Directed by: #BalasuryaShanmugasundaram
Written by: #BalasuryaShanmugasundaram
Nexus is a very poignant short film about anger, fear and guilt. Balasurya Shanmugasundaram stars in, writes and directs this film proving his many talents behind and in front of the camera. He introduces us to a nameless protagonist (himself) who has attempted suicide due to guilt over his dead girlfriend (Shreenithi Ramachandran) and is taken under the wing of clinical psychiatrist Dr Srikanth Varma (Guhan Ram). The compelling story is told artistically with Shanmugasundaram’s unique style, giving a morbid story of grief bright colours, as opposed to the usual gloomy colours associated with films of this particular genre, for example the morose tone in the group therapy was wonderfully contrasted against the bright colours, and the juxtaposition of colours of Maya and the black and white world around her.
The acting by Shanmugasundaram was brilliant, and he encapsulated a grieving and conflicted man very well – one will think that the story is very personal to him. On the other hand, Ram’s character of Dr Varma was fun to watch, but the acting was somewhat off. Perhaps this is due to the writing, but the character seemed uncomfortable in his space. He is meant to be a slightly off-putting and ominous character, but this intention does not shine through all the time. This was not helped by some strange editing choices. The questioning of Dr Varma contained a very strange part when he asks, “On that day… what… happened?”, which was accompanied by some cheesy zoom ins and suspense noises. The tension built up during the whole scene was slightly ruined by this. Fortunately, the story is engaging enough to keep the viewer interested and not put off by this odd choice. The music (apart from that short wobble) is very good at creating a suspenseful atmosphere, both in the car scene and in Dr Varma’s office. The use of silence was very intriguing, and really hit hard in the protagonist’s dream about Maya.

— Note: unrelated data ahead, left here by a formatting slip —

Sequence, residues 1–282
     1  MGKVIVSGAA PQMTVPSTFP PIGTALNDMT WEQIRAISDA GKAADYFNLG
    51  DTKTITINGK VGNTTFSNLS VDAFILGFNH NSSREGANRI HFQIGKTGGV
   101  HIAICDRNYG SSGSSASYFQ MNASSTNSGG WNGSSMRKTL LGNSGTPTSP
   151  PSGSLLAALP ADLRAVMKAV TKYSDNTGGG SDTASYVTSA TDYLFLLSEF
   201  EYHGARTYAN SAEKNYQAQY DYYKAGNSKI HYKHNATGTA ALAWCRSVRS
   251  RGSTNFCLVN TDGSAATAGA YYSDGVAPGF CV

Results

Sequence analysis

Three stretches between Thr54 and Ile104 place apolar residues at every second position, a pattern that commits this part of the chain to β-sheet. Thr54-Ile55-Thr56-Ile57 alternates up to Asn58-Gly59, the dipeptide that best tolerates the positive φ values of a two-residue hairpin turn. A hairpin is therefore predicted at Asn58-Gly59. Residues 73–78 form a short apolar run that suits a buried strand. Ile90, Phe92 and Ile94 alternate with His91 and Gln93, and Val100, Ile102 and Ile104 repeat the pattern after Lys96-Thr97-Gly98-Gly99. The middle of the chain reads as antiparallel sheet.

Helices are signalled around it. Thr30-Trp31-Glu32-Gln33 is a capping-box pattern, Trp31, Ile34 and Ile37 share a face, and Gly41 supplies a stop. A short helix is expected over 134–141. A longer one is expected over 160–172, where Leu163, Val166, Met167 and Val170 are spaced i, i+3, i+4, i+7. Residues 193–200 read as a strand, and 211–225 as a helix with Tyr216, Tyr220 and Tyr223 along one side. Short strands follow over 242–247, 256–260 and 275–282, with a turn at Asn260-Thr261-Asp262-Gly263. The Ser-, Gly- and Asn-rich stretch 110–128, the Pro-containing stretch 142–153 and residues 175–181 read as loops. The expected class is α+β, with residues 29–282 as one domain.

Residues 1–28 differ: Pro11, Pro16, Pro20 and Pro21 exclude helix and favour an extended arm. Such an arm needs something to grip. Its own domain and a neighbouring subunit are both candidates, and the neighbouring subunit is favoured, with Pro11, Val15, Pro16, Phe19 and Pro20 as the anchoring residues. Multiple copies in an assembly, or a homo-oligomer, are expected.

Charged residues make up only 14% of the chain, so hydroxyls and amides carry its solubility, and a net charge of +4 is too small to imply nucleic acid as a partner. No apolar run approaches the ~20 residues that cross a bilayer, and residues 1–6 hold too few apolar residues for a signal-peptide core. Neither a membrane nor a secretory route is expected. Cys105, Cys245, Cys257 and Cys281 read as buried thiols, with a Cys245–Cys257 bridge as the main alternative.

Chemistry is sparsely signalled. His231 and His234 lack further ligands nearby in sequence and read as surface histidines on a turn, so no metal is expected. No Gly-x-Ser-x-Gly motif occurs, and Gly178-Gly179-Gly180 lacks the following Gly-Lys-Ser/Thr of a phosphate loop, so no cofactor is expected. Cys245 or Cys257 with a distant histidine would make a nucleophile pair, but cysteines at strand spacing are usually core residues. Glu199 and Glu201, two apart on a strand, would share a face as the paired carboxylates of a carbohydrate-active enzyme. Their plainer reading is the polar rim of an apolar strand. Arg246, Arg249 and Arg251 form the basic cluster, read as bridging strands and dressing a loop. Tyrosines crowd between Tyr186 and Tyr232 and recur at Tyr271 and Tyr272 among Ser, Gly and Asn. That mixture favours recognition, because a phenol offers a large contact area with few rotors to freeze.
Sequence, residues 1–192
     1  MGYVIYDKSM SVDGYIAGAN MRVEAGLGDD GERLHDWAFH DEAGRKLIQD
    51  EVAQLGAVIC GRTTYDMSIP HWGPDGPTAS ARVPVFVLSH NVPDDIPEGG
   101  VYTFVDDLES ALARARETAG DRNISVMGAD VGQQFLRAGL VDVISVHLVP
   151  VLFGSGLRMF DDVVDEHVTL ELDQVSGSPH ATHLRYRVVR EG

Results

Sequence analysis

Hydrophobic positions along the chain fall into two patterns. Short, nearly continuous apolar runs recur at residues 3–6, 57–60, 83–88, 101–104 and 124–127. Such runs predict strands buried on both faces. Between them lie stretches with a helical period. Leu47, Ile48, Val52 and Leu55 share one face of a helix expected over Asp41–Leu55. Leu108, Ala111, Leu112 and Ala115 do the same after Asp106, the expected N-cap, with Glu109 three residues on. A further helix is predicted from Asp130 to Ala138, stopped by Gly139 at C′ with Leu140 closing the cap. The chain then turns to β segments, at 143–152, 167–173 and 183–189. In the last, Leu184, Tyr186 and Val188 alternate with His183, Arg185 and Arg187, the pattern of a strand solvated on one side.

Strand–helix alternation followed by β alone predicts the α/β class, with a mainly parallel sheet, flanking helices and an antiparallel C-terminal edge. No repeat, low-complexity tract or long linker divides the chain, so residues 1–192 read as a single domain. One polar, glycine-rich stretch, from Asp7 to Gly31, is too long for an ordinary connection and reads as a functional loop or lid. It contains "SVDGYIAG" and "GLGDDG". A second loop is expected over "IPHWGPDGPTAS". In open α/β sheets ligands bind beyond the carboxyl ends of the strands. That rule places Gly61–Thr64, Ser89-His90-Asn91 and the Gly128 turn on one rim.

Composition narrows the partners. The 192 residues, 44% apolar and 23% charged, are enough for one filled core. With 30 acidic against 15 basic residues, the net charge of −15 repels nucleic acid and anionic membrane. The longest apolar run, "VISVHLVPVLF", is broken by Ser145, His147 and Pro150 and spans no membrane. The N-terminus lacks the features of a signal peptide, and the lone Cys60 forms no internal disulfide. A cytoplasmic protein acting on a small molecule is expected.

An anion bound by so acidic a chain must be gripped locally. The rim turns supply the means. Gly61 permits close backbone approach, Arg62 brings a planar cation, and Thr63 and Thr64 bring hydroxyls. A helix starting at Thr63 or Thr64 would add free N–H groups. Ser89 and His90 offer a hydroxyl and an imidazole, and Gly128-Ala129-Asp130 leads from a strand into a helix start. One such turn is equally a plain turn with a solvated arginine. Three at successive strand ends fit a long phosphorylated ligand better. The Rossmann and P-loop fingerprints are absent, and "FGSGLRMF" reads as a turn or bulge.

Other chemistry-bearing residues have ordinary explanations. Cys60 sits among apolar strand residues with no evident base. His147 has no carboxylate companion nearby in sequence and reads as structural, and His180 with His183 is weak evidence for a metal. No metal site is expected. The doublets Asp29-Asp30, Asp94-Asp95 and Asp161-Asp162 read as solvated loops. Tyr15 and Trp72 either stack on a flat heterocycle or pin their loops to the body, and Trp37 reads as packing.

In the end, Nexus leaves you with a lot to think about. Exploration of death and what one leaves the world of the living with are themes that many can find interest in, and Shanmugasundaram has shown that while there is anger, fear and guilt in death, there is beauty too. By taking the audience to a alternative reality, Shanmugasundaram gives us a new train of thought in which we can think about the afterlife differently.